Member States shall make civilian and military capabilities available to the Union for the implementation of the common security and defence policy… If a Member State is the victim of armed aggression on its territory, the other Member States shall have towards it an obligation of aid and assistance by all the means in their power.

Compare this language to that of the Articles of Confederation: 

Every State shall always keep up a well-regulated and disciplined militia, sufficiently armed and accoutered, and shall provide and constantly have ready for use… When land forces are raised by any State for the common defense, all officers of or under the rank of colonel, shall be appointed by the legislature of each State respectively, by whom such forces shall be raised.

The text in both cases creates a classic free-rider problem. When crisis break out, just as EU states can only reliably count on the aid of other states so long as it is within “the means in their power,” so too could the US states could only rely upon troops “appointed by the legislature of each State respectively.” Individual states are called upon to put resources towards mutual defence and act when needed, but there is no actual mechanism ensuring they do so. Though NATO has acted as Europe’s main security provider, would other EU member states be willing and able to provide meaningful support for another member state’s security if and when the US does not? Recent history that suggest when crisis hits, it’s every state for itself. 

From Syria to Ukraine, the EU has been unable to solve conflicts in its own neighborhood despite the fact that they directly affected collective EU security. The Syrian war sent hundreds of thousands of refugees fleeing to Europe, but Europe played no role in ending the decade-long conflict and had no common migration policy. Russia forcibly redrew the map of Europe by annexing Crimea in 2014, but the EU has been unable to end the six-year-long conflict  despite malign Russian influence going beyond Ukraine’s borders. Even the 2020 coronavirus response, a threat knowing no borders, has shown the immense difficulty, if not impossibility, of EU member states implementing a coordinated response during a crisis. There have been no European solutions to European problems.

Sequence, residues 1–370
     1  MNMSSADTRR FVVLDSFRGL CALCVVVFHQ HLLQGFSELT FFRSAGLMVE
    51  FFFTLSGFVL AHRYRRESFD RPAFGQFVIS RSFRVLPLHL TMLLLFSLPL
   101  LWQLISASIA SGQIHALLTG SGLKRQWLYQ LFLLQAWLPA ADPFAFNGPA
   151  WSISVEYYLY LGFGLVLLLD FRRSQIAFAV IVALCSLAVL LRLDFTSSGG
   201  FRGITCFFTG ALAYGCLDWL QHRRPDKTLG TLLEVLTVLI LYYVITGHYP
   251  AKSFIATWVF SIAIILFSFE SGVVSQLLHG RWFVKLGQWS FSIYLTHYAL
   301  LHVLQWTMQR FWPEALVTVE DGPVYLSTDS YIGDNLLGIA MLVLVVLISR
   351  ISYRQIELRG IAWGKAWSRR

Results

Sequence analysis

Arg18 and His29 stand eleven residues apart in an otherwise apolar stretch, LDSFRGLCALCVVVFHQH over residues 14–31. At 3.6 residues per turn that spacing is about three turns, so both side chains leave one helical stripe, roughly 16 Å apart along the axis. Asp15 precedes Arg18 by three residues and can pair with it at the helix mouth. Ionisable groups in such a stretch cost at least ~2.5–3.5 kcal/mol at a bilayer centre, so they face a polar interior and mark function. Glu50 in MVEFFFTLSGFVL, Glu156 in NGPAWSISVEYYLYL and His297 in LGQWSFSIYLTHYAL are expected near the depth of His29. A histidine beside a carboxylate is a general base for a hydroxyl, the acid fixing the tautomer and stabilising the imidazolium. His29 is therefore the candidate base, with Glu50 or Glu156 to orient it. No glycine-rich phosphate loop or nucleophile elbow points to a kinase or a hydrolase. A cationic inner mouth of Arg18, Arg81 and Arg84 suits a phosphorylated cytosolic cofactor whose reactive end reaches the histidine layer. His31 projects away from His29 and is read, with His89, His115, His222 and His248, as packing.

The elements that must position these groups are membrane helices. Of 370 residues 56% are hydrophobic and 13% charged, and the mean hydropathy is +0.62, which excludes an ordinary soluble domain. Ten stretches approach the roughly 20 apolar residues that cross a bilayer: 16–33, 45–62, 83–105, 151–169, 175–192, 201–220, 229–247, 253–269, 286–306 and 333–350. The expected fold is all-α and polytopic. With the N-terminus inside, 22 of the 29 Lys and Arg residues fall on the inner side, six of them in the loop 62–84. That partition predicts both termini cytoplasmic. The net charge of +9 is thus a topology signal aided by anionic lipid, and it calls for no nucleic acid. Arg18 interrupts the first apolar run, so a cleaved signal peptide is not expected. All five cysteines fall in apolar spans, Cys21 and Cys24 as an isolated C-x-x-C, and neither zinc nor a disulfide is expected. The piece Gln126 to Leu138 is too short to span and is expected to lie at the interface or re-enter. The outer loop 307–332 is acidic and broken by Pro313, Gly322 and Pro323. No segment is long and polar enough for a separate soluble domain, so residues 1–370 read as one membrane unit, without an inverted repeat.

Yes, the “progressive framing” for a common defense policy, or “European army,” is outlined in the Treaty of the European Union, and several security initiatives have been implemented over the past couple years. But these initiatives are a flawed patchwork remedy for a more fundamental issue: there are no mechanisms, outside of altruistic moral reasons, to ensure the entire bloc comes to the aid of an individual member state. Indeed, no American state came to help Massachusetts put down a rebellion in 1786. Only a constitutional convention could secure the nation’s future.

The EU member states’ fears of a strong central government in Brussels are the very same which the US states feared in Washington. However, recognizing the shortcomings of the Articles of Confederation in the face of crisis, the US took the difficult but necessary measures to make fundamental reforms. Throughout its history, the EU has also shown the capacity to reinvented itself, bringing member states closer together and allotting itself more centralized powers over time. Today, it must once again reform, giving itself the ability to provide for the security of all member states’ citizens, or face eventual dissolution, unable to perform the basic functions of a government.